ZIPP 303 FIRECREST – NSW A YEAR LATER, A GRAND LESS

If you bought one, it’s maddening that a set of top-rated, all-around, carbon bike wheels you spent $3100 on could drop in price nearly $1000 and be surpassed in performance by a successor model in as little as a year.

If you didn’t buy one, now may be the time to get the less expensive model that’s a lot like the one you could have spent a whole lot more for, especially if its strengths and budget suits you.

Such is the world of Zipp wheelsets and the innovation going on more broadly in the carbon clincher wheelset world these days.

In 2017 Zipp started selling its line of NSW wheels with new rim shapes and hubs. The Zipp 303 NSW knocked the Zipp 303 Firecrest off the top of its performance and price perch and the 303 Firecrest price was reduced to $2200.

In 2018 Zipp did it again. A new NSW line of carbon road bike wheels was introduced including a new Zipp 303 NSW. This time, the original 2017 303 NSW rims have become the centerpiece of the new 2018 303 Firecrest, the one I’m reviewing here, together with Zipp’s 77/177 hubs first put on the 303 and other Firecrest wheelsets in 2016.

Are you following me?

Oh, and the 2018 Zipp 303 Firecrest sells for a market price of $2,200/£1,880/€2,200. It is available through these links to recommended stores in the US/CA Competitive Cyclist and in UK/EU at Tredz.

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Zipp 303 Firecrest Carbon Bike WheelsThese changes were triggered by Zipp’s efforts to improve the speed, crosswind management, braking, stiffness, comfort, and handling of its wheelsets. With innovation in the wheelset world focused on these areas over the last half dozen years, other wheelmakers had caught up to or surpassed the Firecrest wheels in several of these areas where its performance was tops.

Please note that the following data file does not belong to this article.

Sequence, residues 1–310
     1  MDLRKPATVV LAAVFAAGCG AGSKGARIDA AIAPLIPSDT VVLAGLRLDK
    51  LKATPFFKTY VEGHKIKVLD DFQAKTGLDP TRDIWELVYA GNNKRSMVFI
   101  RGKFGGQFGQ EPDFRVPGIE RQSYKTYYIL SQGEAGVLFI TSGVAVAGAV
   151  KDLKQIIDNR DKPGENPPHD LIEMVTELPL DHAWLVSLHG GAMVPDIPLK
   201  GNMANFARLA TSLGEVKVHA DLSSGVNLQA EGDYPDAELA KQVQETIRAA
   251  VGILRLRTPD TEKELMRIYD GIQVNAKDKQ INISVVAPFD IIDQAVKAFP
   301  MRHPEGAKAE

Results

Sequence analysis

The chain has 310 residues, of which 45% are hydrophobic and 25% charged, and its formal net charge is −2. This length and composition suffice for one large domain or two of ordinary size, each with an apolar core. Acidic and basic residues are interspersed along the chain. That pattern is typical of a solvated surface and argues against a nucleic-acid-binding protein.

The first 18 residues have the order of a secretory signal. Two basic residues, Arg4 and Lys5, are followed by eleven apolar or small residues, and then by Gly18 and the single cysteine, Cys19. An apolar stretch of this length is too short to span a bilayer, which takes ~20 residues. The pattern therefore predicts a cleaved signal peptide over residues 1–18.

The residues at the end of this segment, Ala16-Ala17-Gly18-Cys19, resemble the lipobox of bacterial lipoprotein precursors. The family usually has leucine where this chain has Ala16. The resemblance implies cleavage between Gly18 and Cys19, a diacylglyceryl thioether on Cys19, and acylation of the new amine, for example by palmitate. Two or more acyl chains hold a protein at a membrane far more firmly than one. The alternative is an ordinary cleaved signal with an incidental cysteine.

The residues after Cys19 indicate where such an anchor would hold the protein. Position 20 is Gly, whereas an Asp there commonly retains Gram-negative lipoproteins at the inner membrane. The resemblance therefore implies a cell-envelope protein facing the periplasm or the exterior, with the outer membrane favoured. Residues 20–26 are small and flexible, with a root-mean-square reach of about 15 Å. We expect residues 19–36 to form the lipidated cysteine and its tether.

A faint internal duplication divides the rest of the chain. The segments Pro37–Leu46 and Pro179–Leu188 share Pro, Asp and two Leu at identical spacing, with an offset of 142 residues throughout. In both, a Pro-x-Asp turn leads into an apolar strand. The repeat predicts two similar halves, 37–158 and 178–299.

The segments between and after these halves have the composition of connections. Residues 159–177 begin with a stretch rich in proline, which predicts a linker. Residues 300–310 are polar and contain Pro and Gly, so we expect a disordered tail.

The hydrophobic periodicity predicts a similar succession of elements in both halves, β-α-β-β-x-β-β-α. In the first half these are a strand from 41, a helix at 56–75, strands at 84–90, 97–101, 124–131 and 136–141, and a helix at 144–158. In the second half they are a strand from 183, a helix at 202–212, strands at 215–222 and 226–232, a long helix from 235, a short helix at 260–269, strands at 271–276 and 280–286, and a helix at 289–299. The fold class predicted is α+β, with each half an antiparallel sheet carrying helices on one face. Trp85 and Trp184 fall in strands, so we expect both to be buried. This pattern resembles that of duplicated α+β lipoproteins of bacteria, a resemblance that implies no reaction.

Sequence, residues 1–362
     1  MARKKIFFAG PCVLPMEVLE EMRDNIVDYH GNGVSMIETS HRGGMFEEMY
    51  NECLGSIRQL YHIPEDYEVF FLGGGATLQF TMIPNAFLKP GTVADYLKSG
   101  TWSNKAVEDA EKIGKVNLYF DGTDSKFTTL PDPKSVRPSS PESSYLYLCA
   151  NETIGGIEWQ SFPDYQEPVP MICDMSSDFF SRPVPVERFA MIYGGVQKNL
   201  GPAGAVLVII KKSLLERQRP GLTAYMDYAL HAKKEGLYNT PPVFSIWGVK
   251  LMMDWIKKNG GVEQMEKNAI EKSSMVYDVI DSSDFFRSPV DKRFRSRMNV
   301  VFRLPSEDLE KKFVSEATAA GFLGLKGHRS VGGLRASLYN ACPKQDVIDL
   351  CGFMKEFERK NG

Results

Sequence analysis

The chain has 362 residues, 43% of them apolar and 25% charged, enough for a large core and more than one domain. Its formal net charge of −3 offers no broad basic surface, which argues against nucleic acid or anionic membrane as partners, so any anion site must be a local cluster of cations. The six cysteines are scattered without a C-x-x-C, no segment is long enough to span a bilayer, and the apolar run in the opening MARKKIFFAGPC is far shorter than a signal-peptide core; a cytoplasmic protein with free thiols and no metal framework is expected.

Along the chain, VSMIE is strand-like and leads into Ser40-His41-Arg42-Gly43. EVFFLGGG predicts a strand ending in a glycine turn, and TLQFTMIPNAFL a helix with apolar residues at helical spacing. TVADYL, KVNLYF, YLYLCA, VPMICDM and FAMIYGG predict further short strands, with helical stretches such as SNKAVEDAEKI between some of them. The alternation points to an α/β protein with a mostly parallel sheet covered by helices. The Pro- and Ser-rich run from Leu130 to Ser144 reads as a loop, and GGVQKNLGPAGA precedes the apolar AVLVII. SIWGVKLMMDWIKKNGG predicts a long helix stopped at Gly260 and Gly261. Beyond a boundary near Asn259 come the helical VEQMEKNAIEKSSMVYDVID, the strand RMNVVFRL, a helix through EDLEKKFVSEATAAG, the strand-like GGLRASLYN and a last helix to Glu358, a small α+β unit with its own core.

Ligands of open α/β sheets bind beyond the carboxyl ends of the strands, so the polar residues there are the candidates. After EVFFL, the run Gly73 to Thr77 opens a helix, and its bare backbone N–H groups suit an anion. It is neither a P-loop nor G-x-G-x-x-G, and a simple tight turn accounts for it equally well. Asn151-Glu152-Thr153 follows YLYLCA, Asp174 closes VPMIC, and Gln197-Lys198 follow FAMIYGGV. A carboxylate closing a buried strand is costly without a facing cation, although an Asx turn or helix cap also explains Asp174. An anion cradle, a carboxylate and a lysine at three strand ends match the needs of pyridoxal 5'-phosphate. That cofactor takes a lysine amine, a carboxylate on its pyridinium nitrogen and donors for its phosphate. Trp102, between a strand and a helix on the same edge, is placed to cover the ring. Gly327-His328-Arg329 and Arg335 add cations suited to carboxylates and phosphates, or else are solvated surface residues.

Some of the improvements (speed, crosswind management, braking) showed up in the first-generation NSW rims that are now the core of the 303 Firecrest. Other improvements (comfort, handling) are seen in the latest NSW wheels that are wider and tubeless.

So, how does the latest Zipp 303 Firecrest perform?

This new 46mm deep, 1500 gram carbon clincher wheelset is very snappy when you want to accelerate. Once up to speed they maintain your momentum very well, riding like wheels 15mm deeper on the flats. They climb like ones 10-20mm shallower uphill and practically laugh in the face of crosswinds, running as straight as a low-profile alloy wheelset in gusting or steady winds.

If you’ve never ridden carbon wheels, those brief comments about responsiveness, momentum, climbing, and crosswind behavior are the first things you look for in separating out carbon wheels. Most carbon wheels that sell for less than the 303 Firecrest can’t do most or any of the things. Some that sell for the same or more than the Firecrest can’t do all these things as well.